Raphael's Head of a Muse, which set a record both for the artist and for any drawing sold at auction, when it left a £12m-16m estimate way behind to sell for £26m at Christie's on December 8.

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The evening sales at Christie's and Sotheby's last week demonstrated that while the market is suffering from a diminishing supply of high-quality and 'unseen' pictures, buyers are willing to spend at ever more dramatic levels when rare and historically important material does appear.

Here they fought eagerly over the best pieces to take the series to a record-breaking £78m total.

Christie's (25/20/12% buyer's premium) 43-lot evening sale on December 8, which included 19th century paintings as well as Old Masters, raised a £60.5m hammer total - higher than any previous Old Master sale worldwide.

This was largely down to a Raphael drawing that made £26m and a Rembrandt portrait that sold at £18m, matching the previous record for the artist.

With 28 lots finding buyers, the total was near the top end of the £44.9m-62.6m pre-sale estimate.

The star lots captured the media's attention and the ensuing prices heightened the media glow surrounding the Old Master market.

The most spectacular price was the £26m paid against a £12m-16m estimate for Raphael's Head of a Muse, setting a record both for the artist and for any drawing sold at auction.

The first major Raphael drawing to be seen since Study for the Head and Hand of an Apostle made £4.8m at Christie's in London in December 1996, it was in excellent condition and broke the previous high for a work on paper, $33m (£21.5m) paid at Sotheby's New York in November 2008 for Degas' pastel Danseuse au Repos.

The 12 x 83/4in (30.5 x 22.2cm) Head of a Muse was a black chalk study for a figure in the Parnassus fresco in the Vatican - one of the series of four frescos that are considered the artist's greatest masterpieces.

Reportedly being sold by the heirs of the British collector Norman Colville, it was underbid by London-based dealer Jean-Luc Baroni, who lost out to a buyer bidding on the phone via a member of Christie's New York staff.

The competition for the drawing was in marked contrast to that seen on Rembrandt's 1658 half-length portrait at Christie's.

Consigned by the Johnson & Johnson heiress Barbara Piasecka Johnson, whose Jusepe de Ribera Prometheus was one of the star lots in Sotheby's London's July series, it was estimated at £18m-25m but attracted only a single telephone bid and sold on low estimate.

Not deemed one of the Dutch Master's greatest portraits, it nevertheless matched the record set for a Rembrandt by Portrait of a Lady, aged 62, from 1632, which sold to the late Maastricht-based dealer Robert Noortman at Christie's in London on December 13, 2000 (although the buyer's premium this time was greater).

While another record was seen when Saint John the Evangelist by Domenico Zampieri, Il Domenichino (1581-1641) made £8.2m against a £7m-10m estimate, only a handful of other works at Christie's generated strong bidding.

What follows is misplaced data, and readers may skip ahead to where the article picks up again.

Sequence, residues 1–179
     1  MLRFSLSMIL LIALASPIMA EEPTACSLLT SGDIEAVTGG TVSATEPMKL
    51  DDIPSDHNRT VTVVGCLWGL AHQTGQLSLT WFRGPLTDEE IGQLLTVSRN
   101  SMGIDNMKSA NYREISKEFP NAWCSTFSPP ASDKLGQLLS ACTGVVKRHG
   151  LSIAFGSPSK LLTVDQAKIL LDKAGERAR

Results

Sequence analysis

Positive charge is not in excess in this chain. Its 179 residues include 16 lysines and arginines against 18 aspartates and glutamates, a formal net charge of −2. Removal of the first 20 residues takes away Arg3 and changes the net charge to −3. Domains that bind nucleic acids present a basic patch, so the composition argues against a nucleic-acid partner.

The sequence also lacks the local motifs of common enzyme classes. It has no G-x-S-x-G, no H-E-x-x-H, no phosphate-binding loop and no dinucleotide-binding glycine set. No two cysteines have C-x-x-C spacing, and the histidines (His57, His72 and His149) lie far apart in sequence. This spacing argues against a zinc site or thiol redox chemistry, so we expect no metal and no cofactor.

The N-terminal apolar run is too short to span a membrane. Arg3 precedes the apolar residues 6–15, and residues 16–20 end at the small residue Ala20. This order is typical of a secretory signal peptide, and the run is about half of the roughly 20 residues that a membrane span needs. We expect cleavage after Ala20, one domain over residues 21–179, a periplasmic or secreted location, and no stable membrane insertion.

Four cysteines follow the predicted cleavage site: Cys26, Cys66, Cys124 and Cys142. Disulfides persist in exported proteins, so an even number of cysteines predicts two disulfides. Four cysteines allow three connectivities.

This was also the pattern at Sotheby's (25/20/12% buyer's premium) evening sale of Old Master and British paintings on December 9, which saw 21 of the 50 lots fail to sell.

Taking this failure rate by lot into consideration, the £13.1m hammer total against a pre-sale estimate of £12.34m-18.41m indicates the importance of the top-performing lots.

This was most clearly evident in the record price for Sir Anthony Van Dyck's Self Portrait, which sold for £7.4m - making up more than half the sale's total - to the art investor and collector Alfred Bader in partnership with Philip Mould.

International bidding came from at least nine participants as the price for the 2ft x 19in (60 x 47cm) oval oil was pushed above pre-sale hopes of £2m-3m.

Painted in London in 1640, this was the last self-portrait by the artist and had been in the family collection of the Earls of Jersey since the 18th century.

Following the sale, veteran Milwaukee-based Mr. Bader said: "It's a beautiful painting, and it's for sale," echoing the comments by dealers and auctioneers about the inherent difficulty of sourcing good quality, fresh-to-market Old Masters.

The previous record for a Van Dyck was £2.7m for A Rearing Stallion at Christie's London in July 2008.

Much pre-sale attention had been focused upon a previously unrecorded Portrait of a Young Woman by Peter Paul Rubens, but the 2ft 10in x 2ft 2in (86 x 66cm) oil, which had not won universal admiration among the trade, failed to sell at Sotheby's against a £4m-6m estimate.

The unfinished canvas is thought to be an early work, painted in either Italy or Spain, and had been in an anonymous UK private collection for the past 25 years. However, there were reservations about the attribution and condition, and Sotheby's picture specialist George Gordon felt that it was also not helped by the atypical subject matter.

Mediocre works were also left on the shelf, but an artist's record was set by Girl Holding a Basket of Plums by the little-known 17th-century Dutch artist Cesar Boetius van Everdingen.

Estimated at £50,000-70,000, this attractive, market-fresh painting tempted a number of bidders and sold on the phone for £1m.